Notes 5/16: Lido Begins Withdrawals, Aragon DAO Drama

Staking platform Lido’s pile of $12 billion worth of ether came online yesterday after the platform commenced staking withdrawals. Lido is Ethereum’s biggest staking platform, accounting for approximately 32% of all staked ether as of this writing.

Mass withdrawals from the platform could have had a catastrophic effect on ether price from individuals selling their withdrawn ether in crypto markets. But Ethereum has prevented that eventuality by instituting a staggered process that restricts the number of withdrawals per day. Ether price has not reacted significantly to Lido’s announcement and is trading at $1823.14, down 0.4% from a day earlier.  

Plenty of Profits

The average purchase price for ether at Lido is above $2500, meaning those interested in selling their holding after withdrawing it will run a loss from the transaction. They might have to content themselves with profits accrued from staking rewards. Of those, they have had a windfall.

Lido has been amongst the top staking platforms for rewards, its practices sometimes inflating them even beyond those advertised on ethereum. The recent meme coin frenzy further multiplied those rates by jacking up transaction fees on ethereum and, subsequently, validator rewards for its execution layer. Lido witnessed a flurry of ether deposits during that time, according to Dune statistics.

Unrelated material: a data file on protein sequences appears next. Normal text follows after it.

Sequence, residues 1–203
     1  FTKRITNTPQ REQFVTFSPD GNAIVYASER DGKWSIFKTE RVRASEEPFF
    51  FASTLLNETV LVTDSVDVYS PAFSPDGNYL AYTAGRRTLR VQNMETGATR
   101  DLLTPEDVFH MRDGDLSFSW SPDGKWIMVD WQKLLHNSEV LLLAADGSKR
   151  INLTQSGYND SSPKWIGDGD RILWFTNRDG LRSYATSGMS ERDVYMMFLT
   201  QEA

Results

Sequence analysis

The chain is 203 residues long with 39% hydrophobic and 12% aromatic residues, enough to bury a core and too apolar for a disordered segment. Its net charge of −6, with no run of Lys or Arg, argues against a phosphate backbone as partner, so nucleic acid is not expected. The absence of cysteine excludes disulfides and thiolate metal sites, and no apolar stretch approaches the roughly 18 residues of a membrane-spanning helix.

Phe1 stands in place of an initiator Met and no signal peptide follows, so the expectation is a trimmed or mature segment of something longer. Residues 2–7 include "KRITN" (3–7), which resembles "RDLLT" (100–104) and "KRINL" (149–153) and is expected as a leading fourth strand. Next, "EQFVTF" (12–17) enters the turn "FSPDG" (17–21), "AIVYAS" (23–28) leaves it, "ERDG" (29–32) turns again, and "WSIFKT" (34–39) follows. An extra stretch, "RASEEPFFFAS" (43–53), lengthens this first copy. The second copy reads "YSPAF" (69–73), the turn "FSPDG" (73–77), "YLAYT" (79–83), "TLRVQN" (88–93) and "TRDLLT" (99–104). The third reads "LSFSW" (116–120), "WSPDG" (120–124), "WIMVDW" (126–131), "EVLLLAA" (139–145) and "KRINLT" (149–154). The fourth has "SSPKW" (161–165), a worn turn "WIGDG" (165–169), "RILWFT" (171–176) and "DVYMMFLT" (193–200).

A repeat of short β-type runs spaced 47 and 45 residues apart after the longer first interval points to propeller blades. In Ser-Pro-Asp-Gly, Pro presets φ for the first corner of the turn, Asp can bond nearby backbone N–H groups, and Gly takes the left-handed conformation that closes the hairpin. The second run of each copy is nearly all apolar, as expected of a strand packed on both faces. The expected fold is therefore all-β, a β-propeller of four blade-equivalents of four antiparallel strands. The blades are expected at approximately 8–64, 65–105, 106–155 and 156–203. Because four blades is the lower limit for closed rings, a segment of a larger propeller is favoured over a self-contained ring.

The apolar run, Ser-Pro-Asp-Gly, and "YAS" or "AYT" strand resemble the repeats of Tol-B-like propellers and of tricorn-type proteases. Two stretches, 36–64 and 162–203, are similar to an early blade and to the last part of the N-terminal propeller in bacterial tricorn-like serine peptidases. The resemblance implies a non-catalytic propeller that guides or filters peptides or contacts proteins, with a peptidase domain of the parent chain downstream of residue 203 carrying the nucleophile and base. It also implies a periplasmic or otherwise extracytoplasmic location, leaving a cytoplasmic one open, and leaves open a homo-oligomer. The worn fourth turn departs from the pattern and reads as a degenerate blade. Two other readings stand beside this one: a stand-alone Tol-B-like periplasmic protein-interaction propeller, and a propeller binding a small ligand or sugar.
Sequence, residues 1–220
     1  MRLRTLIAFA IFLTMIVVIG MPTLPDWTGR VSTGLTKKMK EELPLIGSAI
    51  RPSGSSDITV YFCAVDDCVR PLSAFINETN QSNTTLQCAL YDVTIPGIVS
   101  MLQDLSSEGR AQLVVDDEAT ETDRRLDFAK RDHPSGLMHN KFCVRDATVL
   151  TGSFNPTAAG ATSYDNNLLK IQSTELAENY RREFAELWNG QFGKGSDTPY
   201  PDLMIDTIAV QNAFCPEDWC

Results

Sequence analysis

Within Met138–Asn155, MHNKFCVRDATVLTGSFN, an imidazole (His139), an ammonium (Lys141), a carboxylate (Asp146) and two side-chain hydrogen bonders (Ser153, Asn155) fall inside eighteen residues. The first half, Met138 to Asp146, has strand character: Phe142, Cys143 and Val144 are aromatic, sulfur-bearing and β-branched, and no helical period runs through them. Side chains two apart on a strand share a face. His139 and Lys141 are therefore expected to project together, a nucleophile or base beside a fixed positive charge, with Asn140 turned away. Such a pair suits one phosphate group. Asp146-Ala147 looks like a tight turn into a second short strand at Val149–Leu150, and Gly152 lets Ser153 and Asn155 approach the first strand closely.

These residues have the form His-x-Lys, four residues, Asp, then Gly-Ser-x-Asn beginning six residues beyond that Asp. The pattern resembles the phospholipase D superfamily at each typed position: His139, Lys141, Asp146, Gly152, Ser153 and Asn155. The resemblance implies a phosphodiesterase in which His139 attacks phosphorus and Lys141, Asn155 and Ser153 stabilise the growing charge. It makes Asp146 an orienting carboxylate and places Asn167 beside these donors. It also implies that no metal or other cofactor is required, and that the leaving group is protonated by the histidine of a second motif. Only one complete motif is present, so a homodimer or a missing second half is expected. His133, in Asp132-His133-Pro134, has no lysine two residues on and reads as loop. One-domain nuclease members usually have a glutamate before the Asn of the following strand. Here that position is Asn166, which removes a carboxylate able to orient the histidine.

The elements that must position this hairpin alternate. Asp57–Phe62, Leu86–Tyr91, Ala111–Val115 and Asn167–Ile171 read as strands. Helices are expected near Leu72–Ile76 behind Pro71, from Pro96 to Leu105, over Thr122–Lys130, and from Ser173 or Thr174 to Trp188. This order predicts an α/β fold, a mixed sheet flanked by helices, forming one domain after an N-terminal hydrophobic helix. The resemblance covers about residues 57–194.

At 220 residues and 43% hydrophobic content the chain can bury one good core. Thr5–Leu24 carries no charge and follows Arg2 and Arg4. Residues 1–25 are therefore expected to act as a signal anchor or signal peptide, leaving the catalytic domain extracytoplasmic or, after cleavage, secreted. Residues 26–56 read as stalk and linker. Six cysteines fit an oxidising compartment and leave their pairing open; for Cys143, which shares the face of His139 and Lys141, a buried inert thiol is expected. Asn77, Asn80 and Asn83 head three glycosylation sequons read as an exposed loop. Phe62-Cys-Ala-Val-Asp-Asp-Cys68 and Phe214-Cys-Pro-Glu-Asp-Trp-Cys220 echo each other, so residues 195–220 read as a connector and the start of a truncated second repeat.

Besides the rewards, Lido also offers other profit-making opportunities. One of them is through a market for trading positions in the withdrawal queue. While Ethereum already has a significant queue for staked tokens, Lido had promised quick withdrawals earlier this year. But it has changed its mind.

Isidoros Passadis, Master of Validators and Lido contributor, said trading of positions in the platform’s withdrawal queue is allowed. This will create a secondary market for queue positions. It also creates incentives for large stakers to multiply income by clogging the queue, and further delay withdrawals, while they wait for an increase in ether prices.